We start at the weir at the back of St Helen’s Court and the vicarage. At this point the two branches of the Ock join together and flow into the Thames.
We follow the path between the two branches. There are many species of tree along the route, various types of willow, alder, silver birch, chestnut, poplar, aspen, oak, elder and guelder rose. On the right, there are trees planted by Green Gym in past years, which we are trying to nurture and keep alive. They were donated by the Woodland Trust – oak, beech, silver birch, willow, aspen, cherry and rowan. The vegetation grows very fast in summer – large quantities of nettles , rosebay willowherb, goose grass/cleavers/sticky willy, and comfrey followed by Himilayan Balsam. This is an invasive weed, which grows along and close to waterways and we wage annual war on it.
We pass a couple of donated and memorial trees on our left. Then, on our right, we come to an area where the Town Council, which is responsible for the path up to the middle bridge, has cut down a number of trees. Here, Green Gym has planted a memorial tree, a black poplar, for one of the Green Gym leaders who died suddenly just a few years ago. We have planted spring bulbs around the tree and spring wildflowers such as wood anemones, ramsons and bluebells around the area in general.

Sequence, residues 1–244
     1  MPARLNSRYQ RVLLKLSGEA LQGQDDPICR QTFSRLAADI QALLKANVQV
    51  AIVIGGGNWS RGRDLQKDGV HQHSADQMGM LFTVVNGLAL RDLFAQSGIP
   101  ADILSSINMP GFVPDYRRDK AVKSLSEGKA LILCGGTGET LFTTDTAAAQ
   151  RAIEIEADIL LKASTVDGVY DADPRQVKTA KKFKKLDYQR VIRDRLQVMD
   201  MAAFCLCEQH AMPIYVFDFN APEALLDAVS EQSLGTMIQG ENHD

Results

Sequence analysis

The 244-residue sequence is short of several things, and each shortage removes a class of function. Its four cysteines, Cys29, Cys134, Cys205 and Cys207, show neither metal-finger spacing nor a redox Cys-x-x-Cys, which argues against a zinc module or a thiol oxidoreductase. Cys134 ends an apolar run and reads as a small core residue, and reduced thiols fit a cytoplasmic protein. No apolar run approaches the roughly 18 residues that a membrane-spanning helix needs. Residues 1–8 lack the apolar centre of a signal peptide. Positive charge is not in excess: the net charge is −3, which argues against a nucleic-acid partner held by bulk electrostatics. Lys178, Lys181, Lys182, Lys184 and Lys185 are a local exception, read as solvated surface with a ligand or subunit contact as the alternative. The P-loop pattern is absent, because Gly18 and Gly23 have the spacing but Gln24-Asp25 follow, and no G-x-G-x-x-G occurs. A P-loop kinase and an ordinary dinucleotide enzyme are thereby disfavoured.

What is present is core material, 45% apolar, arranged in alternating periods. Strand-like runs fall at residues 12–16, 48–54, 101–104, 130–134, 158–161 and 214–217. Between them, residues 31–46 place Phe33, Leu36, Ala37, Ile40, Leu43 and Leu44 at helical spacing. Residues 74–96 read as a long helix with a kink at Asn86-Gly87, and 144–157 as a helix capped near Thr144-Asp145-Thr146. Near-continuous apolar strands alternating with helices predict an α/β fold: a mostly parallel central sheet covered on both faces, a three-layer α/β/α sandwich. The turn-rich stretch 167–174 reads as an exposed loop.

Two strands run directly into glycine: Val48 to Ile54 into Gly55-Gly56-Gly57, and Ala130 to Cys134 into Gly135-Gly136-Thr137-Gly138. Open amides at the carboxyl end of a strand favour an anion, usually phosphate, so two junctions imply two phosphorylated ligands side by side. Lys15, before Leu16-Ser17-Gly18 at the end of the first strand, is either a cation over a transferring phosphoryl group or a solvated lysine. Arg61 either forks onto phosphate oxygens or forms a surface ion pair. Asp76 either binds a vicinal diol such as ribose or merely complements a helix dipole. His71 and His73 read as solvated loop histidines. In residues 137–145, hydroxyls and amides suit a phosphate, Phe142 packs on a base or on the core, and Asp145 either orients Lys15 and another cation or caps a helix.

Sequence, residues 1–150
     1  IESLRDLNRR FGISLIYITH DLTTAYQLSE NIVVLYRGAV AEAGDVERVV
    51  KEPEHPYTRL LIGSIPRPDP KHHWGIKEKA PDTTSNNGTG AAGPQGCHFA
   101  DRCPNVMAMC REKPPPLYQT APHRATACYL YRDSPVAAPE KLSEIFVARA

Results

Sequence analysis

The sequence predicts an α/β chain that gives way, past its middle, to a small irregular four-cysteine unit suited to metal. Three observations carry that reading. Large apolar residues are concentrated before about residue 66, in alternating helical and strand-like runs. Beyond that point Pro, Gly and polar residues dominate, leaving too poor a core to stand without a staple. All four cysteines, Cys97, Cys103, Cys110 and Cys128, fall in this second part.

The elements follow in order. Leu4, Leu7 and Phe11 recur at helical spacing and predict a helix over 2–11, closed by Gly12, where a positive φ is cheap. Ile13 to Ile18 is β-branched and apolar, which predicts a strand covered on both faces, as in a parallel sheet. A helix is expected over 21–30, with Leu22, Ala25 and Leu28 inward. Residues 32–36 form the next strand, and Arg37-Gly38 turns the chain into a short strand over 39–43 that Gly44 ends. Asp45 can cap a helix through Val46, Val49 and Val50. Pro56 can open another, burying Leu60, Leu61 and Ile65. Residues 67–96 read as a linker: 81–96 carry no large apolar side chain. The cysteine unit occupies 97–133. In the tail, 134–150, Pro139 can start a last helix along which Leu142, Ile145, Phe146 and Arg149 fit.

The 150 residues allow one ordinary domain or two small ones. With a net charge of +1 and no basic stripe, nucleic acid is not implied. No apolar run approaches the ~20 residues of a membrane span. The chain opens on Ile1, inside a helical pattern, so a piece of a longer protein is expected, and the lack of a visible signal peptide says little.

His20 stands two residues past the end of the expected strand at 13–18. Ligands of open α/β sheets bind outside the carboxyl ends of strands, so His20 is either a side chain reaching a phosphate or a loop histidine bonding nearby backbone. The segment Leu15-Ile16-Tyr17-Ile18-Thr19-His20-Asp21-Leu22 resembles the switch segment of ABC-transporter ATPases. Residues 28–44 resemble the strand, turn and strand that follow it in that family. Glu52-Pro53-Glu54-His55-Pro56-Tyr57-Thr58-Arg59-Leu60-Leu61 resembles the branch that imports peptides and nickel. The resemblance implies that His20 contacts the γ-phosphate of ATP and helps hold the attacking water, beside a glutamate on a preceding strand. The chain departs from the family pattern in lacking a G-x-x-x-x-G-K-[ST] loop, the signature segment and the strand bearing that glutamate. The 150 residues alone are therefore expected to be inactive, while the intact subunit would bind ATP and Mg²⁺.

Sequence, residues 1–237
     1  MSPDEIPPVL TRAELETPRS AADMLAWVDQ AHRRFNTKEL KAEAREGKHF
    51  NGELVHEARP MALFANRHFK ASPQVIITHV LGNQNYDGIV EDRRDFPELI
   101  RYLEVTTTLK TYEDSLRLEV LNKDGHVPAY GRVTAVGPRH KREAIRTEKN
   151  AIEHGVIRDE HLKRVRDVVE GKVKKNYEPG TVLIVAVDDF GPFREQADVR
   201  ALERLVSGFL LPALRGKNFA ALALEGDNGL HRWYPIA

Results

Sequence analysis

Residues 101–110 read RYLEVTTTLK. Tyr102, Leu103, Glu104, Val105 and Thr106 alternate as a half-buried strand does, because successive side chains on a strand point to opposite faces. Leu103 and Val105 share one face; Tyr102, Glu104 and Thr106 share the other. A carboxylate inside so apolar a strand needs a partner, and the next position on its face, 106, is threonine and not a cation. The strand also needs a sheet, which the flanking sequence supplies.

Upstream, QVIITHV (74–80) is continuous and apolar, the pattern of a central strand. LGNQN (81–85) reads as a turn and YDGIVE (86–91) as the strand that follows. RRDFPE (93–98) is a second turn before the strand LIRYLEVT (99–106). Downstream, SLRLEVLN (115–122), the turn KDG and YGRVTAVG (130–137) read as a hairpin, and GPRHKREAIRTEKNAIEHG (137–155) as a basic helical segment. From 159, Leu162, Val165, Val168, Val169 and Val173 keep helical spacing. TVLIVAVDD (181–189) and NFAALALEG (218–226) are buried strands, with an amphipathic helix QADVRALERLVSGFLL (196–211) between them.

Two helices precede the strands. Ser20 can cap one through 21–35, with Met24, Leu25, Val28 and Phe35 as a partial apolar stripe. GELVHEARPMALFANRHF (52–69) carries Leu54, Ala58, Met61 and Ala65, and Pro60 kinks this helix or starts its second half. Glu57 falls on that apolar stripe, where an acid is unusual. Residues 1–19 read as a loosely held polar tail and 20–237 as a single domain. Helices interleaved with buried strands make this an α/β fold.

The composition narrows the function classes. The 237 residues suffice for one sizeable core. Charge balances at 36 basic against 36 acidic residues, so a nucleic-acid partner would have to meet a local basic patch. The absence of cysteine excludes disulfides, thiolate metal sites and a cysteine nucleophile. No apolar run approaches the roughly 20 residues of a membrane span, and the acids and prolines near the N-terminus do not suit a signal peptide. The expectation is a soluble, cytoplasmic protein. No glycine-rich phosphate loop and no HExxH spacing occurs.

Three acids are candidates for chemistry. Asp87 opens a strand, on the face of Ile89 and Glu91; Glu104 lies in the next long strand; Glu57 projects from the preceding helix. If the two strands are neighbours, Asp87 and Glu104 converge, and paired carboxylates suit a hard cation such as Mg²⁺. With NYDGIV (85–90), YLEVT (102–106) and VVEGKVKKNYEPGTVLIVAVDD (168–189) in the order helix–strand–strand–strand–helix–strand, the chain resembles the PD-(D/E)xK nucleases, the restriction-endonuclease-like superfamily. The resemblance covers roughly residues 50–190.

We now turn off to our right and walk back along the woodchip path, which curves around to meet the main path again close to where we started. Green Gym keeps this path clear and renews the wood chippings about twice a year. As you can see, the area gets very overgrown with nettles in Summer and Green Gym to clears circles around the young trees and cuts back a bit where the vegetation is overgrowing the path. It always seems that one minute the area is bare and the next it’s totally overgrown. Former Councillor and Mayor, Peter Green took a great interest in improving the Ock Path and planting trees and supported the setting up of Abingdon Green Gym about eleven years ago.
We retrace our steps along the main path and cross the middle bridge. The area narrows now as the two branches of the Ock get closer together. Birds you may see include the usual garden birds but there are also frequent sightings of kingfishers. Water birds include mallards, swans, coots, moorhens and great crested grebes. Bats also frequent the area at dusk and you may spot muntjac deer.
The path leads out to a green area. We turn right across a wooden bridge, and on to the footpath, as you will see, one of Abingdon’s worst litter blackspots, which leads to Ock Street.
Photos by Kevin: